Madelyn M. Levitt and John Pappajohn display their Wilson Center awards.
Longtime Drake trustee and benefactor Madelyn M. Levitt recently joined the ranks of Vice President Dick Cheney, former Secretary of State Henry Kissinger and former First Lady Betty Ford as recipients of the Woodrow Wilson Award for Public Service.
Levitt received the award last week from the Woodrow Wilson International Center for Scholars of the Smithsonian Institution at a dinner attended by more than 250 people at the Downtown Marriott. The dinner, which was chaired by J. Barry and Michele Griswell, also honored Des Moines businessman John Pappajohn, who received the Woodrow Wilson Award for Corporate Citizenship for his corporate accomplishments, community involvement and philanthropic dedication. He is a strong supporter of education and established the John Pappajohn Entrepreneurial Institute at Drake.
“Maddie Levitt and John Pappajohn are two leaders who truly embody the spirit of Woodrow Wilson and his ideals of scholarship and public service,” said Lee H. Hamilton, president and director of the Woodrow Wilson Center. “We are very pleased that the Board of Trustees has decided to honor them with the Woodrow Wilson Awards.”
In accepting her award, Levitt shared some of her father’s advice: “Give back more than you take out [of the community].” She also addressed her many friends and family members in attendance, saying, “Thanks for the support and all the laughs along the way.”
Levitt, an honorary Drake alumna and special assistant to the president for development, was selected for the Public Service Award for her exemplary dedication to public service and commitment to Des Moines and the state of Iowa.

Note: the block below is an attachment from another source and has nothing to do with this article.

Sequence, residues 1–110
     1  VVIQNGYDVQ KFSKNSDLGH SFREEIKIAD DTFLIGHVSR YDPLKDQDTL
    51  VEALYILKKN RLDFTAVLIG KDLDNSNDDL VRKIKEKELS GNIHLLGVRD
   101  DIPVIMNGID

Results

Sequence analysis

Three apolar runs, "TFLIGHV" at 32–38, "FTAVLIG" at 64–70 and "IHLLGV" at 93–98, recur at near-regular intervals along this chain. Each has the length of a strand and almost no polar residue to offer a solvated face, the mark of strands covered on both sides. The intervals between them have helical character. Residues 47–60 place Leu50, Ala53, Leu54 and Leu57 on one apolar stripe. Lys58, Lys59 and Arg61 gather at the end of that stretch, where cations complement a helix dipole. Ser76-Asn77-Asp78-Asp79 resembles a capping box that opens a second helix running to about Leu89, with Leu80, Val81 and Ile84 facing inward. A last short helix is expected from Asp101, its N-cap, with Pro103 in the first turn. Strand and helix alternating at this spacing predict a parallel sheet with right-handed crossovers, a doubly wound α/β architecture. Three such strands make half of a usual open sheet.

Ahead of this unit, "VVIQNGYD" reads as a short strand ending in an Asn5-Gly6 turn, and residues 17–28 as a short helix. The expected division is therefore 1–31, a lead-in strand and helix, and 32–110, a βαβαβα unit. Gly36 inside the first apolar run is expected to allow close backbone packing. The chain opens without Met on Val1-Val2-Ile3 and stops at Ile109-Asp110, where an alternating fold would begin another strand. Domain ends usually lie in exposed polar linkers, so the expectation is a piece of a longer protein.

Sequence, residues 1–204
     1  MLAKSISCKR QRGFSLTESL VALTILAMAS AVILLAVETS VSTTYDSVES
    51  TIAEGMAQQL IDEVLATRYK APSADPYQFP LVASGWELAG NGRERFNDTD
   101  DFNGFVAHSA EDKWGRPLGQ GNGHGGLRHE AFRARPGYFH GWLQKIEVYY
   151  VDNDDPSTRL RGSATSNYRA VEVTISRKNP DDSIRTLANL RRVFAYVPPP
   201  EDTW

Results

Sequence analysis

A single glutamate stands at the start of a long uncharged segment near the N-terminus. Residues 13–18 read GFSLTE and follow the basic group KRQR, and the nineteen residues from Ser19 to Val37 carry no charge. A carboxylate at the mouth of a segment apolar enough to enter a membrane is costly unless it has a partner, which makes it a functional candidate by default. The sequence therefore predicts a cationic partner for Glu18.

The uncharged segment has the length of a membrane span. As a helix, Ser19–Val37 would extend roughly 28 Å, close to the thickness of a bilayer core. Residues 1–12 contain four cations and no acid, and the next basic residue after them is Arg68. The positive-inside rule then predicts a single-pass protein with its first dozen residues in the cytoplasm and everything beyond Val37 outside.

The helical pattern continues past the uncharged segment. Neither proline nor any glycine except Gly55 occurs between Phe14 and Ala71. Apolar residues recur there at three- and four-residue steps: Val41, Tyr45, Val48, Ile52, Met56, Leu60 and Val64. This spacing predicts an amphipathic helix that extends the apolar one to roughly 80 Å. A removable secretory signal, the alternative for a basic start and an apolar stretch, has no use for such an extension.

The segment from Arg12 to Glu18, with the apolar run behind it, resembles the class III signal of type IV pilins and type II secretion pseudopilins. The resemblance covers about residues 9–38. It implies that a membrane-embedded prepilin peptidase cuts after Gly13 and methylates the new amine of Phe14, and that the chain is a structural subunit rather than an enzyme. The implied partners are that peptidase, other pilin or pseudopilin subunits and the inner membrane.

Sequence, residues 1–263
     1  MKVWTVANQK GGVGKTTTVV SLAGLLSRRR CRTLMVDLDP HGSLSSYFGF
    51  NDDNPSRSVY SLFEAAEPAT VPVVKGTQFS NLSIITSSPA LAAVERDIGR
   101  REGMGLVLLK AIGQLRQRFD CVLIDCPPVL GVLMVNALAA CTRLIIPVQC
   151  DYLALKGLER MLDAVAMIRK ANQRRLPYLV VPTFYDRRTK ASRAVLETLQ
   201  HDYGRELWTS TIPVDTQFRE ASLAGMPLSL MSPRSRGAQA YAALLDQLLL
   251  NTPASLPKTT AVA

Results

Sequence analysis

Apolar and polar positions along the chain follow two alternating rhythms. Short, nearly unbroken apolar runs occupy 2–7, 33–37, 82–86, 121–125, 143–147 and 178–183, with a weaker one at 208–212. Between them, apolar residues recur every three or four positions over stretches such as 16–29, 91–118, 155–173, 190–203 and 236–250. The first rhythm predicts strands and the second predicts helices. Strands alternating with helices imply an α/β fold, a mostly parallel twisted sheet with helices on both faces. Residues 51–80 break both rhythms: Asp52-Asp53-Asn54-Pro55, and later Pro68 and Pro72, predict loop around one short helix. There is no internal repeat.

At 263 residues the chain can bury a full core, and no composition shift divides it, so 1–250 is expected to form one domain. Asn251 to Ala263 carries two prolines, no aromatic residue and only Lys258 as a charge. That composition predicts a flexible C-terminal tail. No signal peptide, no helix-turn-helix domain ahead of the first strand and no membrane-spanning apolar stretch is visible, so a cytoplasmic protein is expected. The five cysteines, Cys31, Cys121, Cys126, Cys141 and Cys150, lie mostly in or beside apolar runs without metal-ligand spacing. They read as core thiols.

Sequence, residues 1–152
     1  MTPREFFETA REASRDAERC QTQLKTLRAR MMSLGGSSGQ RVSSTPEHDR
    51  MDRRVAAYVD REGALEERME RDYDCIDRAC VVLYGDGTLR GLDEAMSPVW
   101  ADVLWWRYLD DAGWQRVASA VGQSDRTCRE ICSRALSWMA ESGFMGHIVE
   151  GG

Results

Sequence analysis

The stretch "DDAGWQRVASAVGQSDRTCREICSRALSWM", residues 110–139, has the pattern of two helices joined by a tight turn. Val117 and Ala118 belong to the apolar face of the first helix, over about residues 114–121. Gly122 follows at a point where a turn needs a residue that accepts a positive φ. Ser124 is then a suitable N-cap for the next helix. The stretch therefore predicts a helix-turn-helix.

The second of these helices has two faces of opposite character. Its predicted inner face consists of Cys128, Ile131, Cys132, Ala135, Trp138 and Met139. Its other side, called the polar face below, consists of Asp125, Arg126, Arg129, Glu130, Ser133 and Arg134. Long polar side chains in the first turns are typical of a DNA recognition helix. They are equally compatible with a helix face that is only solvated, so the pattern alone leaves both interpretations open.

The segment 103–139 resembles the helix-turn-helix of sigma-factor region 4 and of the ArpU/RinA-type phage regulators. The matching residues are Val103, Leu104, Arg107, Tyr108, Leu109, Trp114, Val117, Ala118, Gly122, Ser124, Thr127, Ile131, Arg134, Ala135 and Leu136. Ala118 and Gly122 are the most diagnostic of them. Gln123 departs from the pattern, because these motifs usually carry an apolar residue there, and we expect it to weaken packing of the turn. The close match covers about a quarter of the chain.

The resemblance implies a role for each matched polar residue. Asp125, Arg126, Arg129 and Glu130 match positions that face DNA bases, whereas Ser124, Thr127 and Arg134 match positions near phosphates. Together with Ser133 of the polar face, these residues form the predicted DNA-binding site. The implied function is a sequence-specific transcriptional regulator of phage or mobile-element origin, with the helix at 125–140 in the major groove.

Levitt’s life resembles that of Woodrow Wilson, as she has devoted much of it to the advancement of higher education. At Drake, she has served as special counsel to the president and national chair of two fundraising campaigns — efforts that have contributed to the education of countless young men and women and provided them with first-class facilities and resources. The first campaign she led exceeded its $115 million goal and raised $130 million. Under her leadership, the second campaign reached its $190 million goal, including Levitt’s personal gift of $5 million.
Beyond Drake, Levitt is a true community leader who leads by example, giving generously of her time and fortune as the current chair of Des Moines Community Foundation and through service on the boards of United Way of Central Iowa, Boys and Girls Clubs of Central Iowa and the National Women’s Philanthropy Institute, among many others.
Donald Wolfensberger calls for more civility in public discourse.
In addition to the awards dinner, the Woodrow Wilson Center sponsored a public lecture and panel discussion titled “Civility, Society and Politics: Is There a Problem?” on Sept. 19, in Sheslow Auditorium. Donald Wolfensberger, director of the Congress Project at the center, gave the lecture, which was followed by a panel discussion involving Dennis Goldford and Art Sanders, both professors of politics, and Joan Faber McAlister, assistant professor of rhetoric.
The Woodrow Wilson International Center for Scholars aims to unite the world of ideas to the world of policy by supporting pre-eminent scholarship and linking that scholarship to issues of concern to officials in Washington. Congress established the center in 1968 as the official, national memorial to President Wilson. Unlike the physical monuments in the nation’s capital, it is a living memorial whose work and scholarship commemorates “the ideals and concerns of Woodrow Wilson.”